SK logo
October 28, 2021

Are your charity’s fraud and financial controls procedures fit for purpose?

Are your charity’s fraud and financial controls procedures fit for purpose?

Date updated:

With increased home working, like most sectors, charities have become increasingly susceptible to online fraud and cybercrime but charities often don’t have the resources of commercial businesses, making them easy targets. Smaller charities can be particularly vulnerable.

We don’t yet know the full scale of fraud during the pandemic but during the first six months the Charity Commission received the same number of reports as it would usually receive in a 12-month period. Many charities have been fire-fighting during the pandemic and their anti-fraud plans may have fallen off the radar.

What is clear is that existing charity procedures around fraud and financial controls are unlikely to have envisaged the scale of people working from home for extended periods of time during the pandemic, and so may not be fit for purpose. This increases the risks of both external cybercrime and internal fraud within an organisation.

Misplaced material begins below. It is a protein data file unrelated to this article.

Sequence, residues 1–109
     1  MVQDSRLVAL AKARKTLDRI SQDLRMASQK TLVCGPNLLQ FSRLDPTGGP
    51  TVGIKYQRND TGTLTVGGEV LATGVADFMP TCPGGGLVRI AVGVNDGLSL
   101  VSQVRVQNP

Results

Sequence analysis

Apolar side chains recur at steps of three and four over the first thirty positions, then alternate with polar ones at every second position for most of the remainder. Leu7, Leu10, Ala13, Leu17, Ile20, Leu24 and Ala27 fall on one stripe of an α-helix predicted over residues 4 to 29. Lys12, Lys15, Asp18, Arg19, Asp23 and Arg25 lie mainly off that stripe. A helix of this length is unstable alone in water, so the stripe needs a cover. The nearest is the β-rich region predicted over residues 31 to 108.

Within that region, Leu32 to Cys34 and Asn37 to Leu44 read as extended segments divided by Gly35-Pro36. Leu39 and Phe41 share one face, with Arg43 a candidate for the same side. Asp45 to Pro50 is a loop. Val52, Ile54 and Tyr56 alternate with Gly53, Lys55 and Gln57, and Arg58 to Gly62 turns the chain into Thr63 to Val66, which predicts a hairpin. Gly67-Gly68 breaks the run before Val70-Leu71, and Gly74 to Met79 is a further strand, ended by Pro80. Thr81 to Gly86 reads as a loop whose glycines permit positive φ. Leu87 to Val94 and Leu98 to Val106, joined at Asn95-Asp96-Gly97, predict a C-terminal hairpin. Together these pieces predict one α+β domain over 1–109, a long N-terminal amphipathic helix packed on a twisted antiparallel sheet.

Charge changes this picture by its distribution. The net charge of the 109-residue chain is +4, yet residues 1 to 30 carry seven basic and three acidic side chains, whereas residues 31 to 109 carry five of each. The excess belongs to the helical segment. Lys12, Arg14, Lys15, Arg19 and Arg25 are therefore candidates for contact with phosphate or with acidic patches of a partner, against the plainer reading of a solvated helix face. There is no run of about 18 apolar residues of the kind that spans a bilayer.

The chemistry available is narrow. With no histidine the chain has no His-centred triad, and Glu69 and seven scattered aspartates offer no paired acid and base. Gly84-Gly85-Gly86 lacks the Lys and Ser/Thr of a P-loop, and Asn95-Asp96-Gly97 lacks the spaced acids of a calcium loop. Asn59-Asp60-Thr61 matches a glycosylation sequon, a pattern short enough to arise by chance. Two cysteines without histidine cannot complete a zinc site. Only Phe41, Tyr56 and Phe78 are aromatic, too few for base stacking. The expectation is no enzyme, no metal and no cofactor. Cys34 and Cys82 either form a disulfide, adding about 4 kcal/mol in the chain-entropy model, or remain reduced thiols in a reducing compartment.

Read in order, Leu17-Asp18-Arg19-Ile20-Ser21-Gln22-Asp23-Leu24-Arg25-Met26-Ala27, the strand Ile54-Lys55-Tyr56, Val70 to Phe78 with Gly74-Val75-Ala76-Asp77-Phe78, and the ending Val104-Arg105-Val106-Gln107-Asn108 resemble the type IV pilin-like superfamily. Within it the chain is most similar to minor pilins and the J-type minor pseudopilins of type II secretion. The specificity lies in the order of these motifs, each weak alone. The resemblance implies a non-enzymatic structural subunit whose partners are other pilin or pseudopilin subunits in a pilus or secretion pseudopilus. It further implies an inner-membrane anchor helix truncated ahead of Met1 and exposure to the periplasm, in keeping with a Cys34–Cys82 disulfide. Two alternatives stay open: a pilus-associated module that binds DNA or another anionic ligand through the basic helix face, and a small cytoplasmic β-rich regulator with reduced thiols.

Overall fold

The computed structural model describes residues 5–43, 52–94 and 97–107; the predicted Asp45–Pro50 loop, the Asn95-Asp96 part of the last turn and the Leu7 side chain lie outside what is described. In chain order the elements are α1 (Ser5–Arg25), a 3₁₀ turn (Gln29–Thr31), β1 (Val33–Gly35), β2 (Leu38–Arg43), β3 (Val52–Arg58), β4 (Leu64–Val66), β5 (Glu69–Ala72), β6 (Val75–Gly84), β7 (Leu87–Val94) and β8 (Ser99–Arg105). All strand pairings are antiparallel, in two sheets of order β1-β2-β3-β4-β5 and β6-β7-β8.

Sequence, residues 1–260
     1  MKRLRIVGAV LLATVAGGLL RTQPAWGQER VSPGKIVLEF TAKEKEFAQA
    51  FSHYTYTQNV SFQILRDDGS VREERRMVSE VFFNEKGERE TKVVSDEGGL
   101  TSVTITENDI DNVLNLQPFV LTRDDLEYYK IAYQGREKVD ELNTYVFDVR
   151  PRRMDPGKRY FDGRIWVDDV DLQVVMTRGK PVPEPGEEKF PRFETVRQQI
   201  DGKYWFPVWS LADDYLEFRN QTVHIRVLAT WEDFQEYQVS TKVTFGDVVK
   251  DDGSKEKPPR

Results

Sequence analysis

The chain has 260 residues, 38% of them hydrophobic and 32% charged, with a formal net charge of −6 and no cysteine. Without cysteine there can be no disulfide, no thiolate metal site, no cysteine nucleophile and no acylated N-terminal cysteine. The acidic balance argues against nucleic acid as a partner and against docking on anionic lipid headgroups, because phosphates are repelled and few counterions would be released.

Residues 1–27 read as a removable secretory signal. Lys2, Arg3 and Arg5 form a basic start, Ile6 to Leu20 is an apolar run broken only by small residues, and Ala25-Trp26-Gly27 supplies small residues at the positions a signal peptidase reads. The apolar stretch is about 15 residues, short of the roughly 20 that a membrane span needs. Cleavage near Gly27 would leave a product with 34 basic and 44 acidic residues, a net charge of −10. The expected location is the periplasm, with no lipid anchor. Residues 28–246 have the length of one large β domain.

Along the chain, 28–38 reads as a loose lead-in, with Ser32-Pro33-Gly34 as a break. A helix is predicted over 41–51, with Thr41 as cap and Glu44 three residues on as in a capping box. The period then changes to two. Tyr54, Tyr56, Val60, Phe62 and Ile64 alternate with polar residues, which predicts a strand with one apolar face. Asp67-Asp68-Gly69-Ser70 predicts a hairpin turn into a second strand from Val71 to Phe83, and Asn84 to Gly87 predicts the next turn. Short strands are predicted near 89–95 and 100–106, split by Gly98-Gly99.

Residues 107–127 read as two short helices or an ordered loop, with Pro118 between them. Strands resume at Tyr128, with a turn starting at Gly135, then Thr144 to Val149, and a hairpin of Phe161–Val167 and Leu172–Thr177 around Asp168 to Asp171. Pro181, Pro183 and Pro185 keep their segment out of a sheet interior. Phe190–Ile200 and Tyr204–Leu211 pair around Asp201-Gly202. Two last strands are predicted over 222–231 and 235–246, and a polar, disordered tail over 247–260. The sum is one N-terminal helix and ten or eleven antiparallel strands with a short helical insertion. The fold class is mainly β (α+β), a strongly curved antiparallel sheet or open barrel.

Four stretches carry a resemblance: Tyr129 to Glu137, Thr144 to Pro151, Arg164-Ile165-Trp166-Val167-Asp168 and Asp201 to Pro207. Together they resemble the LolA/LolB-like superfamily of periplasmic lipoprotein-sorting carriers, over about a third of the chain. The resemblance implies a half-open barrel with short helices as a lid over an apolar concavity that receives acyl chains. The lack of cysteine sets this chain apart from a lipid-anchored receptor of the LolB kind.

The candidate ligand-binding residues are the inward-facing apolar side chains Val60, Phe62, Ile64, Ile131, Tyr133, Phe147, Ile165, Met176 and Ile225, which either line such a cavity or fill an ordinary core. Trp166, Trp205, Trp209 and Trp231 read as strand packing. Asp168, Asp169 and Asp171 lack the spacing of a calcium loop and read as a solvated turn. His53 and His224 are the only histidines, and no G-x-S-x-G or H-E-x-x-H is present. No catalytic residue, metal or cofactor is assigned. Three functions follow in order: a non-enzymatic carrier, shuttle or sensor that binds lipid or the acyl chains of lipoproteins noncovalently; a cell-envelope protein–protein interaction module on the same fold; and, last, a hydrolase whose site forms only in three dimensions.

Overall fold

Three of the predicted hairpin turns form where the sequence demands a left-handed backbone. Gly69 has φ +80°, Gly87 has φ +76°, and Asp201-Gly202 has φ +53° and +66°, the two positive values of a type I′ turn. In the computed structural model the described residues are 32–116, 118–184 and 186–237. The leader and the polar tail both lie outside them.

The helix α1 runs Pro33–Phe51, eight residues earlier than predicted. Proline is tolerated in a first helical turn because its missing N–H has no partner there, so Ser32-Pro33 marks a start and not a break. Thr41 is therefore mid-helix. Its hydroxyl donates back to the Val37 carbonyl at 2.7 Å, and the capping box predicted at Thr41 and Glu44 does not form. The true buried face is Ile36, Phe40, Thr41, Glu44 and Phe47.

Risk management strategy needs to be a live and ongoing process which is constantly under review as new risks are identified or the level of risk changes. 

Charities need to clearly identify actions and who is responsible for them and by what date. In order to protect themselves in an increasingly digital market, charities must prioritise and commit funds to tightening cyber-security.

Charities need to take action by:

  • Updating policies around financial controls, fraud and risk
  • Communicating updated policies clearly to staff and providing training where necessary
  • Checking that updated policies and procedures are being consistently applied and are effective
  • Ensuring clear reporting procedures are in place in the event of fraud and equally clear whistleblowing procedures are in place for concerns to be raised. Employees and volunteers need to feel comfortable that they can challenge unusual activity or worrying behaviour
  • Ensuring trustees are asking the right questions about the charity’s procedures and holding the executive to account
  • Ensuring procedures cover reporting to Action Fraud and the Charity Commission under its serious incident reporting regime.

The Charity Commission has produced guidance on how to protect your charity from fraud and cyber-crime and is available here.